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Apple Facetime Bug Discovered by 14-Year-Old




Apple facetime

Apple’s FaceTime bug was detected recently, which allowed almost anyone to turn an iPhone into a live microphone, and this was found out by a 14-year-old boy who stumbled upon this eavesdropping flaw a week before Apple took action.

Grant Thompson, a high school freshman in Tucson, Arizona said- “I’m only 14 and I found it just by accident, instead of this, people at Apple should find out, since they get paid to find such technical glitches.

The bug allowed callers to activate the other person’s microphone remotely even before the person would accept or reject the call.

Thompson said- “It took nine days for them to respond to us. My mom contacted them every single day through email, calling, faxing. I’m not even sure what fax is. I guess it is older than me.”

New York state officials opened a consumer rights investigation and many others have been raising questions regarding why Apple took so long to address the bug.

On Friday, in a statement, Apple thanked the Thompsons and announced that a fix has been identified and would be released by the next week.  

Grant is a straight-A student and plays basketball, does community volunteering and enjoys the video game “Fortnite” He tried calling friends to play the game on a Saturday night on Jan. 19, and he discovered the flaw.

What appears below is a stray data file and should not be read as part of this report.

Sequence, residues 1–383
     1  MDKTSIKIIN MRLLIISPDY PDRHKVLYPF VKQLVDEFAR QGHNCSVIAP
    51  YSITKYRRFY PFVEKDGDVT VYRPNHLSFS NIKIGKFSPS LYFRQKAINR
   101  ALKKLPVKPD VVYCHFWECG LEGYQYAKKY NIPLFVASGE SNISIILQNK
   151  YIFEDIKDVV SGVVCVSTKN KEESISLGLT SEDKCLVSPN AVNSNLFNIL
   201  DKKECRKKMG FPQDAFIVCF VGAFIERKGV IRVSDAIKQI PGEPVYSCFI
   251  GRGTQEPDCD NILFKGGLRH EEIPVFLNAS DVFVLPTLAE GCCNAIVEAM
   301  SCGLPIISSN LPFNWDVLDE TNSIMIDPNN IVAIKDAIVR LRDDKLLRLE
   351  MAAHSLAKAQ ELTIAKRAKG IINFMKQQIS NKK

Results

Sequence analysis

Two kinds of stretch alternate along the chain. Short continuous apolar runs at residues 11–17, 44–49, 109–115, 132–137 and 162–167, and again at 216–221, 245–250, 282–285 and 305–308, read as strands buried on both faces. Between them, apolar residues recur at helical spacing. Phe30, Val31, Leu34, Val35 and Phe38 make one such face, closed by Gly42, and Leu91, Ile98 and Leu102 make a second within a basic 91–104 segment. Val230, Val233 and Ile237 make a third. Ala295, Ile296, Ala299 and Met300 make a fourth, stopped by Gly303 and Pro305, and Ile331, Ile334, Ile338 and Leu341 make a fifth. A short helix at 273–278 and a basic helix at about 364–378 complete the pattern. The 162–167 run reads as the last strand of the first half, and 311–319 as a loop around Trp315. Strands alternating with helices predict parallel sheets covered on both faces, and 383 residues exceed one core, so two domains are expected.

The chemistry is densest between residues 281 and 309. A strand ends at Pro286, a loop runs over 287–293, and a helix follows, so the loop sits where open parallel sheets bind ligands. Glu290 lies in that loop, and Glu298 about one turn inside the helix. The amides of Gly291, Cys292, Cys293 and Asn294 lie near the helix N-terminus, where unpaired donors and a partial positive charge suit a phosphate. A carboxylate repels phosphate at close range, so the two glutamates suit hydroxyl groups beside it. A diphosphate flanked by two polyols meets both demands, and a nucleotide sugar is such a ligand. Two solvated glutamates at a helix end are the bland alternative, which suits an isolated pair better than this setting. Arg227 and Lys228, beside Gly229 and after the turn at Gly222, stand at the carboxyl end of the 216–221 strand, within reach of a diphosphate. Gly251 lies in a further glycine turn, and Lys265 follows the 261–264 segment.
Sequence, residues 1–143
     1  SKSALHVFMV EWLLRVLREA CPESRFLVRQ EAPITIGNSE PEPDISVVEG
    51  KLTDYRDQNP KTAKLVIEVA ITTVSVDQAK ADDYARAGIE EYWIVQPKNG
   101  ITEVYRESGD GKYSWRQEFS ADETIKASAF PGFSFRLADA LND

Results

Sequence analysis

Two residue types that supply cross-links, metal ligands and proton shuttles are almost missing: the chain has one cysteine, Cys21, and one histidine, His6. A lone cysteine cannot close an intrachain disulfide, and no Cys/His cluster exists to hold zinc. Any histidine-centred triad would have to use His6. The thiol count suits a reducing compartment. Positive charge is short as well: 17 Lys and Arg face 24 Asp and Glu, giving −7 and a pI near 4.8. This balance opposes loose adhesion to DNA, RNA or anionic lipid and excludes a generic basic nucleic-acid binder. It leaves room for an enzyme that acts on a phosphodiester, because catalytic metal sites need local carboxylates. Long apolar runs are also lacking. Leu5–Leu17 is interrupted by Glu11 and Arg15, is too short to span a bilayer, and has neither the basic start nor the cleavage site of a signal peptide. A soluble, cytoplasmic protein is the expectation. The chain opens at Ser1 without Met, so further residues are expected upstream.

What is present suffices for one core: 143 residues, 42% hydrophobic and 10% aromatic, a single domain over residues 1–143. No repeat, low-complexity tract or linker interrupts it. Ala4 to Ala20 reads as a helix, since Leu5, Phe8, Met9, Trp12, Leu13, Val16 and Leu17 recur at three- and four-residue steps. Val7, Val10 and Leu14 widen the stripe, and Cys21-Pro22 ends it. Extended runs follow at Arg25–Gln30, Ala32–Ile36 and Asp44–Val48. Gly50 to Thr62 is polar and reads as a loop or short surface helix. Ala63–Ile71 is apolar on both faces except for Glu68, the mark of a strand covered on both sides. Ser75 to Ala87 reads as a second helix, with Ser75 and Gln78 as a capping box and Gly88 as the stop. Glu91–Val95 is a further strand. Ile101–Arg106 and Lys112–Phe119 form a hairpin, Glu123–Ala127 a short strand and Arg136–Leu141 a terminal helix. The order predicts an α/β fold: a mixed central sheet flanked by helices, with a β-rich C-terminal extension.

Chris Wysopal, the chief technology officer with the security firm Veracode said- “If a 14-year-old kid has discovered it, I wonder how many other people would have found out about it.”

Apple didn’t acknowledge the delay and told that they have always been committed to improving the process in which reports are received and escalated so that they get to the right people as fast as possible.

On Wednesday, New York Attorney General Letitia James and Gov. Andrew Cuomo said that they would investigate “Apple’s failure of warning consumers regarding the FaceTime bug and slow response in addressing the issue. A thorough investigation will be done regarding Apple’s response.”

In Grant’s case, he just got his Xbox ready and called to invite a friend, Nathan, to join him in playing “Fortnite” online.

He said- “You can swipe up and add other people, and when I added another friend of mine, Diego, to see if he also wished to play with us, it forced Nathan to respond as well. We were shocked at first and tried to repeat it and it happened every time.”

His mother, Michele Thompson, stated that she tried reaching out to Apple since the next day.

She works as an attorney and said- “They could have just tested it within two minutes, and realized it was true and brought it up to the respective people at Apple. There needs to be a better process for the average people to report stuff like this and get a better and timely response. I was told to reach out and register it as a software bug, and such reports can lead to “bug bounties”, financial rewards which are given when flaws are discovered. Every day my son would ask me, ‘Did we hear from Apple yet?’ We left comments on Twitter, and one of them was direct to the CEO Tim Cook, and we uploaded a video to show the engineers at Apple regarding the problem. Only after a tech blog reported the flaw they realized it.

Grant said- “It would be cool if Apple could thank me. And of course, the bug bounty would be pretty awesome to get, but we wish to get rid of this groundbreaking bug.

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